Where did cane toads come from?

Cane toads are a species of South American toad. They were introduced to Queensland, in 1935 to eat beetles that were destroying the sugar cane. 

Cane toads live on the ground and can travel long distances because they do not need to live near water. They don't drink, but rather absorb water through the skin on their bellies.

They adapted so well to Australia that they became feral. At first, cane toads were confined to northern Queensland, but have now spread south and west across Australia.

What cane toads look like

Cane toads can grow to be 23 centimetres long. They can weigh up to 1.25 kilograms. They vary in colour from dull green to tan. They are very warty!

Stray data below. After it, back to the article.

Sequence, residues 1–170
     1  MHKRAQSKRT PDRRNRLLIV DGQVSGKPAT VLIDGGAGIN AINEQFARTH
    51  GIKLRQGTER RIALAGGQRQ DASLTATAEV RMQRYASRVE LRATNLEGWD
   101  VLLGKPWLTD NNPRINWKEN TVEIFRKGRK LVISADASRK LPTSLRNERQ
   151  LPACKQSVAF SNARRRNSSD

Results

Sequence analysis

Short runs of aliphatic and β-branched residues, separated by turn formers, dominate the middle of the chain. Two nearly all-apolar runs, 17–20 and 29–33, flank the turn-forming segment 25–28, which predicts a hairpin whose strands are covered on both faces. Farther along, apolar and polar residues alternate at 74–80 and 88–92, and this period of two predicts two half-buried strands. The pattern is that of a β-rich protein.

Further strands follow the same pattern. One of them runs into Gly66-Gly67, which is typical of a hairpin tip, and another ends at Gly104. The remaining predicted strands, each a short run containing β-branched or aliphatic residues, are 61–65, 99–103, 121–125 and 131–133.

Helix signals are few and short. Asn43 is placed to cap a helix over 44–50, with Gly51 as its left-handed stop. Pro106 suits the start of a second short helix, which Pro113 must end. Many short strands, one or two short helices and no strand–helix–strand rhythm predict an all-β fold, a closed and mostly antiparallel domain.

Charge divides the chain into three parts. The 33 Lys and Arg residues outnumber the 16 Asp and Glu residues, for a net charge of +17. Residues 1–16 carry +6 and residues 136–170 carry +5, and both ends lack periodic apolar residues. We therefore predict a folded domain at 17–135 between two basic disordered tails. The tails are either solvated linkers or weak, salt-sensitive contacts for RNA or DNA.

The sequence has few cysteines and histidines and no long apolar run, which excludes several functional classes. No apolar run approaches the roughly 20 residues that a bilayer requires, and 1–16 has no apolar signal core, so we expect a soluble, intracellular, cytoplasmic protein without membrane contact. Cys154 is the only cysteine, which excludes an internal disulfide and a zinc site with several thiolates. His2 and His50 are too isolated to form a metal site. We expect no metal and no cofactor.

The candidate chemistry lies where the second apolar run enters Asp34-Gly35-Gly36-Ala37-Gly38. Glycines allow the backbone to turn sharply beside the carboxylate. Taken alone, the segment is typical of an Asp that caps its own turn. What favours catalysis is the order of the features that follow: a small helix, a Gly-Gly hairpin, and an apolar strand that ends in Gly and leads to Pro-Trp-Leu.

Life cycle of cane toads

Female cane toads can lay up to 30 000 eggs in a season. The eggs hatch in two or three days and the tadpole stage lasts between four and eight weeks. The toadlets can reach adult size within a year.

Cane toads are omnivorous, (say om-niv-or-us) which means they eat almost anything. They forage for food at night, looking for insects and snails. 

They can live for about 15 years.

Cane toads are pests

Cane toads are poisonous to anything that touches or eats them. The poison comes from glands on either side of the toad's head. Cats and dogs may die after eating a cane toad.

Cane toads are a danger to small native animals and native plants because they eat them, and they eat the food needed by native animals.

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